Summertime Is Fun Time in the Sculpture Garden

By: Jayna Hintz, curator of education on July 23rd, 2013

Summertime so far has been extra fun for me; I spent the last week in June and the second week in July outside in the Woodson Art Museumsculpture garden. Yes, as a museum educator I was working; first coordinating a plein-air workshop with artist Janeice Linden and then leading a week of children’s summer art camps.
Time outside in the Margaret Woodson Fisher Sculpture Gardenprovided a view of our visitors I normally don’t have from my office. I was able to see who visits, what they look at, and how they interact.
I was excited to meet grandparents and their grandchildren, families, couples, and individuals visiting and even picnicking in the garden. One young visitor was thrilled when I introduced him to the newest, touchable sculpture: Prince Marvin, a large bronze frog by Geoffrey Dashwood, now sits across the walkway from The Heavyweight, Burt Brent’s bronze hippo that children love to climb on while parents snap photos. A few visitors already have kissed Prince Marvin, and so far he’s remained a frog. However, hope springs eternal; one never knows when a prince might appear.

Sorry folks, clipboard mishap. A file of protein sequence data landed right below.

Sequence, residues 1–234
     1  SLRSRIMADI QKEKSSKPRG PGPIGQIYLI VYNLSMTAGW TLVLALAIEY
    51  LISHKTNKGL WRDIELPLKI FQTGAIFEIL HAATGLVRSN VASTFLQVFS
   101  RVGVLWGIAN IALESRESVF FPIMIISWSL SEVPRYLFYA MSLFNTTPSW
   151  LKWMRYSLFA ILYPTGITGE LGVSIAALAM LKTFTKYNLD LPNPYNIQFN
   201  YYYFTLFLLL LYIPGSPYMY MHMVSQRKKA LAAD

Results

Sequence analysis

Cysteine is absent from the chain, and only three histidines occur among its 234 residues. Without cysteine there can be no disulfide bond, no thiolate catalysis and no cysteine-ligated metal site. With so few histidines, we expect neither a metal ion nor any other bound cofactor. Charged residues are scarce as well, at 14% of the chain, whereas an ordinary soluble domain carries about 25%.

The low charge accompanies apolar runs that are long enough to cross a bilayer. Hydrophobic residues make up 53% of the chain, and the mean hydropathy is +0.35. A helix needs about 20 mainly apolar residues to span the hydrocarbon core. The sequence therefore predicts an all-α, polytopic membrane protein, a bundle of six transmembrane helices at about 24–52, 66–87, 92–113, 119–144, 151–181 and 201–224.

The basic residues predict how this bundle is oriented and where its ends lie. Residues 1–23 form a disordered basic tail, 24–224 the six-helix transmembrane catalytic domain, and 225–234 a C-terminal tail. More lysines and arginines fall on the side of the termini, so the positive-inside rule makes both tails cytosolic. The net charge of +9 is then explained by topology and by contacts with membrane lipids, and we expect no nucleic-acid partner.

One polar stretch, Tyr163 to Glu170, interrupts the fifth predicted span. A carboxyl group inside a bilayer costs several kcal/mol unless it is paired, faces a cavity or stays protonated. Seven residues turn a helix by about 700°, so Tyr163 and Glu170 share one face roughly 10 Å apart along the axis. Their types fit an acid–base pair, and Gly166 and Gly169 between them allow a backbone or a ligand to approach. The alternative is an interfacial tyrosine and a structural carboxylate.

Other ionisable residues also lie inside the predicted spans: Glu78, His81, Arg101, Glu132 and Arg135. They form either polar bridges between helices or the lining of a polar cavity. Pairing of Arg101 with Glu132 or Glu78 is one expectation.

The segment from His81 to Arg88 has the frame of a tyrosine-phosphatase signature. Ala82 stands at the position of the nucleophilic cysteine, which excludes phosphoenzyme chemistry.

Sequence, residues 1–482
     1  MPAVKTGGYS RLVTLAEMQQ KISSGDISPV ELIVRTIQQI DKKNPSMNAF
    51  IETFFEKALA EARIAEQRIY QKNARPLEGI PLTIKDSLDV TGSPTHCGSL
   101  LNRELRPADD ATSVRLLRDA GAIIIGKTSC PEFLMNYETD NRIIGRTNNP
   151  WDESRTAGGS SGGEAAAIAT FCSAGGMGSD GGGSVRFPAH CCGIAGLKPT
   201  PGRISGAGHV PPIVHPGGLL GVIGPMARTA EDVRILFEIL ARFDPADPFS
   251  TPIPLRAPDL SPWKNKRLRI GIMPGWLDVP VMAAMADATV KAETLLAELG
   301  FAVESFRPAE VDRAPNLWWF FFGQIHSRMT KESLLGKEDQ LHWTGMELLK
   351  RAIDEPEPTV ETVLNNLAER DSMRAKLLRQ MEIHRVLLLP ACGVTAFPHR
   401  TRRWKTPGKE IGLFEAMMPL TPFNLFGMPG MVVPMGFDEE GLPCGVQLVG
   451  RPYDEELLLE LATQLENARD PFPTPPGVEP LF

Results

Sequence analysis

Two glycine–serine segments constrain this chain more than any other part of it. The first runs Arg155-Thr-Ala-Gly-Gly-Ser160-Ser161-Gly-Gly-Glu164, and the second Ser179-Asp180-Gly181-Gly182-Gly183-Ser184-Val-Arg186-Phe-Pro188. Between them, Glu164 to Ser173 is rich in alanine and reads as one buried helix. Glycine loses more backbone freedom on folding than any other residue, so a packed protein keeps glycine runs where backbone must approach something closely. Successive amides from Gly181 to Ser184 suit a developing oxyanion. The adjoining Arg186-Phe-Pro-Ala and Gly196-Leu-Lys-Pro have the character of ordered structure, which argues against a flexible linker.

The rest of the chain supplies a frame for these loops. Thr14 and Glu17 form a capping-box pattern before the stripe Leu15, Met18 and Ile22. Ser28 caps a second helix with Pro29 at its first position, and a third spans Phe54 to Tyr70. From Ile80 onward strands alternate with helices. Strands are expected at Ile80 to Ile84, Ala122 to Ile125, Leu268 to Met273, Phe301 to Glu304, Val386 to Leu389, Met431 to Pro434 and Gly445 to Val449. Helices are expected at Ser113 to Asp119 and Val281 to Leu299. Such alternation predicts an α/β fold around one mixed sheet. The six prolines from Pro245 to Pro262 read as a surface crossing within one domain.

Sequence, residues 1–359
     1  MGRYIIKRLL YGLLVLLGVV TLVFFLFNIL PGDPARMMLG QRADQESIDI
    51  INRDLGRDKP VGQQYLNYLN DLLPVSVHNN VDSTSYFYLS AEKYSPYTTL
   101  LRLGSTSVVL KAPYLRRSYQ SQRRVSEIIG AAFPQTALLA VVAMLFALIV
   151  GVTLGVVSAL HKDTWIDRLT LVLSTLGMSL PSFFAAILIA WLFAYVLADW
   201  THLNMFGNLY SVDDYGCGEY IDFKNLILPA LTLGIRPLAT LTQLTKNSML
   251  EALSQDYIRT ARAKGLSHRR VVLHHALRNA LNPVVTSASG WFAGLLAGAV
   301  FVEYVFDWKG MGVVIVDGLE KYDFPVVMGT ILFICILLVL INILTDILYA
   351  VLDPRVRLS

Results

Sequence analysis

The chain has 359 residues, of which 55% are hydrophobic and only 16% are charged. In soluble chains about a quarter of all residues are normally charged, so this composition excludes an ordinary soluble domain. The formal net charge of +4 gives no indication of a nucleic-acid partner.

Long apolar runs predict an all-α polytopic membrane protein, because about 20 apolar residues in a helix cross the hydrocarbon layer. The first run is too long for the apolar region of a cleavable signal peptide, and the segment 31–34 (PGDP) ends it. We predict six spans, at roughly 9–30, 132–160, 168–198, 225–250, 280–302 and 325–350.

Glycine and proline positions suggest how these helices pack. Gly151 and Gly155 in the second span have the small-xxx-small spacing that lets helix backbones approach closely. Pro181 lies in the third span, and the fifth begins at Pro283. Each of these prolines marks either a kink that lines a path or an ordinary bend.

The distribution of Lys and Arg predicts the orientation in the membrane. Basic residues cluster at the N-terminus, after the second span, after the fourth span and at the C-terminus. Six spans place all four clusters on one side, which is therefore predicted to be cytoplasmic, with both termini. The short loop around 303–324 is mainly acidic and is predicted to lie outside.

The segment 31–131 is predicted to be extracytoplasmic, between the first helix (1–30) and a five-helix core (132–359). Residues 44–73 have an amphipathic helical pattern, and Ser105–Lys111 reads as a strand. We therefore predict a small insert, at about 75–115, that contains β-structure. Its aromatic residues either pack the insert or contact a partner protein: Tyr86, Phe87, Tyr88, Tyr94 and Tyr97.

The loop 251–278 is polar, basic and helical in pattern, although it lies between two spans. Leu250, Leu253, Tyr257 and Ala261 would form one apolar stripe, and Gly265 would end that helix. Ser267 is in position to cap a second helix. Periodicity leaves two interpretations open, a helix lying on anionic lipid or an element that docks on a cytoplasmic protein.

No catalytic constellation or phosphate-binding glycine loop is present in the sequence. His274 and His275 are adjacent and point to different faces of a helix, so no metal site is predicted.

I noticed visitors like to rename the sculptures. Their humor is contagious and their joy, endearing. Debates still rage about whether The Heavyweight is a girl or boy. Based on my observations, Henry or Henrietta are the top name choices, used almost equally by visitors when referring to the hippo sculpture.
Debra Butterfield’s horse, Kua is the most widely debated sculpture in the garden. Is it made of driftwood or bronze? If you think it’s made of bronze, you are correct. If you guessed driftwood, you are not too far off because Kua started as driftwood and became a bronze sculpture through the lost-wax casting process. If you’d like to learn more, lost-wax bronze casting will be thoroughly explored this fall during Paul Rhymer’s residency, October 22 through 27.

The array of outdoor art has grown with the addition of Gwynn Murrill’s canine and feline sculptures. The large cats and dogs have wide appeal for all ages and are prompting new antics in the sculpture garden. I’ve heard voice commands given to the dogs to sit, stay, and roll over. Bronze sculptures always sit and stay when given the right command.
Thanks to all the visitors who shared their joy and laughter while I was in the garden this summer. You make working at the Woodson Art Museum rewarding and fun.

Share This!

Subscribe to our weekly blog. Please enter your email address.